There were reports of abuses of religious freedom, including reports of detention. In addition, the government imposed restrictions on minority religious groups it defined as “cults.”
On May 4, police in the Bugiri District arrested and later released on bail three suspected leaders of a religious group known as “Ngiri Ya Yesu.” Police alleged that the suspects told their followers to refuse immunization and public education for their children. On May 21, the district state attorney’s office dismissed the case, but cautioned the suspects to stop “inciting civilians against government programs.”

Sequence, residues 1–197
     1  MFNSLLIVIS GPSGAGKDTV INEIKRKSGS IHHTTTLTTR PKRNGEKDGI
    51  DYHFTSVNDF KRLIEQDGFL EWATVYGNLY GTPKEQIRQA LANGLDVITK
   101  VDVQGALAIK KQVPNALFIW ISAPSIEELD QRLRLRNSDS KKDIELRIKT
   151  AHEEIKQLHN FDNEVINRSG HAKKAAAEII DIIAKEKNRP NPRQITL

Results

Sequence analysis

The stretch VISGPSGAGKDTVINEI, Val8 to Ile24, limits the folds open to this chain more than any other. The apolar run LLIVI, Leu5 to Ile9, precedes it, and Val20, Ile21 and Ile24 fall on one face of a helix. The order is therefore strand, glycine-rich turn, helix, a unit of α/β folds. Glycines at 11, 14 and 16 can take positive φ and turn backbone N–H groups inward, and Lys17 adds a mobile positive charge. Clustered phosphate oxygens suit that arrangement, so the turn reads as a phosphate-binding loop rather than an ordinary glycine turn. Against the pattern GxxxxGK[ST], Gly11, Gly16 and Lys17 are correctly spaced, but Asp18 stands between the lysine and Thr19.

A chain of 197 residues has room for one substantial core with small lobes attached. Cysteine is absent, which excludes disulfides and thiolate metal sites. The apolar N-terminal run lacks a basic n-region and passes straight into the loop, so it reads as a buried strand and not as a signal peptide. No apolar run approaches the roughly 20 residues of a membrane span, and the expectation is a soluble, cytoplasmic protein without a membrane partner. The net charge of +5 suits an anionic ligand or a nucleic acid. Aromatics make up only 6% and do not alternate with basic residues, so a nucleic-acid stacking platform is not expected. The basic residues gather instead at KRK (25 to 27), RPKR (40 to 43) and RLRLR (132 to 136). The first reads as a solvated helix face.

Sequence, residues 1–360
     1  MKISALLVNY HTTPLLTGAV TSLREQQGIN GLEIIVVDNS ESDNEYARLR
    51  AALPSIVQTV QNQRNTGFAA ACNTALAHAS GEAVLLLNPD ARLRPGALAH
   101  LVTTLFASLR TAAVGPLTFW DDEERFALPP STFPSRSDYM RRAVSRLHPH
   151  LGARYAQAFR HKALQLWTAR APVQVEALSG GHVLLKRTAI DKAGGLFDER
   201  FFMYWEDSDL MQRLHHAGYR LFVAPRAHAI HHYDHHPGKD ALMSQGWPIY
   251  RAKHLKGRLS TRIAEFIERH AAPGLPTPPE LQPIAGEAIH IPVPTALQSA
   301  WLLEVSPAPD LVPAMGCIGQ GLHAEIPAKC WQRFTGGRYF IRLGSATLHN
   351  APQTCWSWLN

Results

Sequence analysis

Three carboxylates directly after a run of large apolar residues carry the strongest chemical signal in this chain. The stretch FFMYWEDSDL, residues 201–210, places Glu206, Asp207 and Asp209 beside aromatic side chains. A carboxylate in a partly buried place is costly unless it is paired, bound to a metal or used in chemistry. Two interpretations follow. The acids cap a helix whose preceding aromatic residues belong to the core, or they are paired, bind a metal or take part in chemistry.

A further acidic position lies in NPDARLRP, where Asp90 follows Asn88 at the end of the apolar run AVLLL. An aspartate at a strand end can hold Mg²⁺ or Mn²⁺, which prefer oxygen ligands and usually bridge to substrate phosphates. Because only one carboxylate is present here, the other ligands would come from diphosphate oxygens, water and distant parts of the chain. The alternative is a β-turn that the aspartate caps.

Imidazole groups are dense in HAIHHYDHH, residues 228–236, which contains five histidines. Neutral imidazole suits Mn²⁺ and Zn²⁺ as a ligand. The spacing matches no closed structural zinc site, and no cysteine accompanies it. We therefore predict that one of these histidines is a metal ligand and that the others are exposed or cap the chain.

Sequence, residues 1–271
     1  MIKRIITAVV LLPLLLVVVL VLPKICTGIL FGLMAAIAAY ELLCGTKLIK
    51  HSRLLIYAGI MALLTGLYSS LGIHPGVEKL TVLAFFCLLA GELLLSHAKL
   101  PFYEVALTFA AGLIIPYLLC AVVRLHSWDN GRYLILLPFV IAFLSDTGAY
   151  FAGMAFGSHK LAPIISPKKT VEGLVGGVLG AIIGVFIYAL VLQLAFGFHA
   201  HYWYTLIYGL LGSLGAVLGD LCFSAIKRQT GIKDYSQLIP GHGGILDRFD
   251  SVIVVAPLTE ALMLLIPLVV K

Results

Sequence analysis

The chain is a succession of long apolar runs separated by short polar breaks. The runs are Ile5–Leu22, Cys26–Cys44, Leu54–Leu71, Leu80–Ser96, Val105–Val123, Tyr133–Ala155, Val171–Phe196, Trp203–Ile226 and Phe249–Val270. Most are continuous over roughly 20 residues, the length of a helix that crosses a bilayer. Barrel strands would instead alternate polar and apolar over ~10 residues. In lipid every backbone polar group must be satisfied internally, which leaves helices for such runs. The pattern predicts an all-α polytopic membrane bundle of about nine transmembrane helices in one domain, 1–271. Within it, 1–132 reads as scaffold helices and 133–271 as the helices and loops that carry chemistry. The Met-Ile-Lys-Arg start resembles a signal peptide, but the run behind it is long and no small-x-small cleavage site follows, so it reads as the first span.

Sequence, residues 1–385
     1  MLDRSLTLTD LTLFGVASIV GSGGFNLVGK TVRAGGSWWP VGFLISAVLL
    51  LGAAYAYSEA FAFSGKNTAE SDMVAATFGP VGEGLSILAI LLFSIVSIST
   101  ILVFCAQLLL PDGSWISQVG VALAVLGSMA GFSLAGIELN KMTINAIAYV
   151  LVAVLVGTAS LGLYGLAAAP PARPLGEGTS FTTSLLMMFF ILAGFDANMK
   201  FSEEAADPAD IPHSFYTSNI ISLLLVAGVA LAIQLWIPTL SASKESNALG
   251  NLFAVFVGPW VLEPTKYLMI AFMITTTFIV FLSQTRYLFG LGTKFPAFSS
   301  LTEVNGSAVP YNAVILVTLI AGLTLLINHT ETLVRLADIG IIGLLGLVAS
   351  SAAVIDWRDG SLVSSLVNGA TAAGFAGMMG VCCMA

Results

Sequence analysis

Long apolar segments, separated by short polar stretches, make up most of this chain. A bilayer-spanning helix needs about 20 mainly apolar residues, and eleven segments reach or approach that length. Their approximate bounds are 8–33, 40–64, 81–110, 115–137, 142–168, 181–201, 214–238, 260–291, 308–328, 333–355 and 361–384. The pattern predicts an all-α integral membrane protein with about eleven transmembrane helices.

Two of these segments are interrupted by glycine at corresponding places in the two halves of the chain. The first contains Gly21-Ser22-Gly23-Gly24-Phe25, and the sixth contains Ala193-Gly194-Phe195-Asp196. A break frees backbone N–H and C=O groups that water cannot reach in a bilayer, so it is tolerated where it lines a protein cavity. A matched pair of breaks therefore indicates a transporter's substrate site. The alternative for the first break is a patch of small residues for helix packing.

The government granted most applications for legal status, but denied the applications of approximately 20 groups it considered “cults.” The government defined a “cult” as a system of religious worship, often with a charismatic leader, which indoctrinated members with “unorthodox or extremist” views, practices, or beliefs. Between August 1 and October 31, the government actively monitored the activities of unregistered NGOs it defined as “cults,” including Polo Manyen in Gulu District and the Abengeri in Luweero District.
The government continued to refuse to register the New Malta Jerusalem Church based in Agago District, citing “security reasons.” The leader of the church is the father of Alice Lakwena, who led an armed rebellion against the ruling National Resistance Movement in the 1980s; this rebellion was the precursor to the Lord’s Resistance Army.